Guthrie’s secret publication revealed. Former Age and Herald Sun editor Bruce Guthrie is preparing to launch a new Melbourne-based news website named The New DailyCrikey can reveal. The site is expected to have a mass-market, general-interest flavour with an emphasis on news rather than opinion.

Despite speculation he had left Fairfax to launch The Huffington Post in Australia, Crikey understands former Age online editor Daniel Sankey will be the site’s editor and that Guthrie will hover above in a publisher/editor-in-chief role. Section editors for finance, entertainment and lifestyle have also been hired, but are sworn to secrecy under confidentiality arrangements. The New Daily is expected to launch during the coming week.

While The New Daily‘s journalism will be independent, Crikey understands the site is being funded in part by superannuation companies. The domain name, thenewdaily.com.au, was registered in March by the Industry Super Network. Unlike competitor sites The Age and the Herald SunThe New Daily will not be behind a paywall.

Private Media chairman Eric Beecher is involved in the project, but The New Daily has no relationship with Private Media, which publishes Crikey and other websites. Until last weekend, Bruce Guthrie was a weekly columnist with The Sunday AgeMatthew Knott

Won’t someone think of the children … children … children …  Tim Blair is very concerned about the children — and their children, and their children. The Daily Telegraph scribe says “climate crybabies” should stop whingeing about Australia’s coasts collapsing, because it’s not going to happen for 5000 years. He tries to make the point that we shouldn’t be saving the planet for our children, because coasts won’t collapse until our children’s children’s children’s … (repeated 160 times) children are around. And who cares about them?

Daily Telegraph children

It looks like a typographical error, but we think he meant it. Well, that is one way to fill out a column when you’re recycling the same old climate change denial and have run out of things to say …

Q&A getting down to business. ABC TV is promoting a “business” panel on Q&A tonight, without a pollie in sight. So with that in mind, how businessy is the panel? Well, of the five panellists — David Knox, Carol Schwartz, Elizabeth Proust, John Symond and Graham Bradley, two are on the board of Stockland (Bradley and  Schwartz) and two are on the board of the Bank of Melbourne, subsidiary of Westpac (Proust, who is chair, and Schwartz). Proust is also a director of fund manager Perpetual, where Bradley used to be CEO a few years ago. Bradley had a total of five corporate chairmanships, three of which are major companies in Stockland, Energy Australia and HSBC Australia (which is his nominated gig for tonight’s program). Of the five, Knox at Santos has the traditional business path of starting low and working his way up, while Symond is the entrepreneur, starting Aussie Home Loans and then selling it for a motza of money. But wouldn’t the ABC have done better by casting its net wider and going for a retailer, a manufacturer and someone from an internet business as well as people from resources and finance?  Glenn Dyer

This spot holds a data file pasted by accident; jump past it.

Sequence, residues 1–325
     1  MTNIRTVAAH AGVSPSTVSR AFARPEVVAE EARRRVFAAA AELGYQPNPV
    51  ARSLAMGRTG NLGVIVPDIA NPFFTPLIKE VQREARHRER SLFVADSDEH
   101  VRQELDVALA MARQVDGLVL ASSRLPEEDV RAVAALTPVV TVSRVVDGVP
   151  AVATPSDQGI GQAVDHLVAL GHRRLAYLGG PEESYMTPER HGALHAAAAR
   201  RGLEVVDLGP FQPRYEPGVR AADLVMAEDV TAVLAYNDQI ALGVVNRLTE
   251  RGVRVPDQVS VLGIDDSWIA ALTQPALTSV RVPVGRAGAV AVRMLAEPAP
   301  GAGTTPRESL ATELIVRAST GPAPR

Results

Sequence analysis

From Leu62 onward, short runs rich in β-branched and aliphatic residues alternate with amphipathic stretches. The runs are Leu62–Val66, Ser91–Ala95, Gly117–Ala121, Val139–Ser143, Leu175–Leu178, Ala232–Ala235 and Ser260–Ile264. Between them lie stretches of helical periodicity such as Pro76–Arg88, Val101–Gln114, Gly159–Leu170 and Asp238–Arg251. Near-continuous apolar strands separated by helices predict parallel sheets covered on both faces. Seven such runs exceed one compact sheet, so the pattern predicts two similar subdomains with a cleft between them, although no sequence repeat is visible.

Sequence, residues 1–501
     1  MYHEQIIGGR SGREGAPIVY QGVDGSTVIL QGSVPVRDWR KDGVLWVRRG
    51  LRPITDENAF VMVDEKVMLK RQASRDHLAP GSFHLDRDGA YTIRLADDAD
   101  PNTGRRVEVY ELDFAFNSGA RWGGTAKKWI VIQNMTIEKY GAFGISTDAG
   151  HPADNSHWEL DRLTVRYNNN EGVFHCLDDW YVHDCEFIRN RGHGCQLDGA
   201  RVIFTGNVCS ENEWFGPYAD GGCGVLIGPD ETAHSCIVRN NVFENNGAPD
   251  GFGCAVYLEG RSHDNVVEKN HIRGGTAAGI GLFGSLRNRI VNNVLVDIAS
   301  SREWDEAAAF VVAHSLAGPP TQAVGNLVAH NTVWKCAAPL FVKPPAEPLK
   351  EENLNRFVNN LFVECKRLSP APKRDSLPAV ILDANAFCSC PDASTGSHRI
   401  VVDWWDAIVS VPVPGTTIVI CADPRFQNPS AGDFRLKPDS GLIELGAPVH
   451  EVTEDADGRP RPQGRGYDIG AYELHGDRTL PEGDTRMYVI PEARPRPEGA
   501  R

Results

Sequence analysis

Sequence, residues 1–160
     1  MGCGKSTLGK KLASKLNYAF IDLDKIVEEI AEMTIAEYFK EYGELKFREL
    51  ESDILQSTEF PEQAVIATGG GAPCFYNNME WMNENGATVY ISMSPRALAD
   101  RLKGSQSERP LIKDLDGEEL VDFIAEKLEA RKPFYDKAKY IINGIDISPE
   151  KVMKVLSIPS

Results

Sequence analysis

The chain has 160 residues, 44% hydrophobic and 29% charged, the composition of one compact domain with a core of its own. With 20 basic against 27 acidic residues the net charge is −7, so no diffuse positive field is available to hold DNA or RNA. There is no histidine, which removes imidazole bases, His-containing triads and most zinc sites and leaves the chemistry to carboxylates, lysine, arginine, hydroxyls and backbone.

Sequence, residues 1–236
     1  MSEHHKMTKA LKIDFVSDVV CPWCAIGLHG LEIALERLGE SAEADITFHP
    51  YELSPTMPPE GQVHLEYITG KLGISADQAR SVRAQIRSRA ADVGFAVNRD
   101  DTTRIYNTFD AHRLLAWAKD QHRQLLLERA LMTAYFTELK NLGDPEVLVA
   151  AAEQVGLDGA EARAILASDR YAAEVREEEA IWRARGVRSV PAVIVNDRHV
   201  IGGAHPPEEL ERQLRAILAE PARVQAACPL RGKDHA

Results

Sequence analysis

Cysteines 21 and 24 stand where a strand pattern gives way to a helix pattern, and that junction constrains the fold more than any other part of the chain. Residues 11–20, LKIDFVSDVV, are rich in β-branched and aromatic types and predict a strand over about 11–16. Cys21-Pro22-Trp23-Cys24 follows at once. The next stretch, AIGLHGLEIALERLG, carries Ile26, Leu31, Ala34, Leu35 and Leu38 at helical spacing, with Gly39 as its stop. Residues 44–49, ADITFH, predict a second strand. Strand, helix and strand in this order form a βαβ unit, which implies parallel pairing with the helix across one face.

Correction of the day. From the department of why you always check quotes comes this corker of a correction from The Australian.  

The Australian

The quote has a very different meaning when it says “abrasiveness”. We’re guessing maybe spell-check is to blame?

Video of the day. Musician Bronwyn Calcutt and her friends have put the words of Julia Gillard’s famous misogyny speech to the tune of I Will Survive. Calcutt performs it on the ukulele; it’s pretty catchy!

misogyny speech

Front page of the day. The “super typhoon” that hit the Philippines over the weekend has left the country shattered.

The Philippines

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Peter Fray
Peter Fray
Editor-in-chief of Crikey
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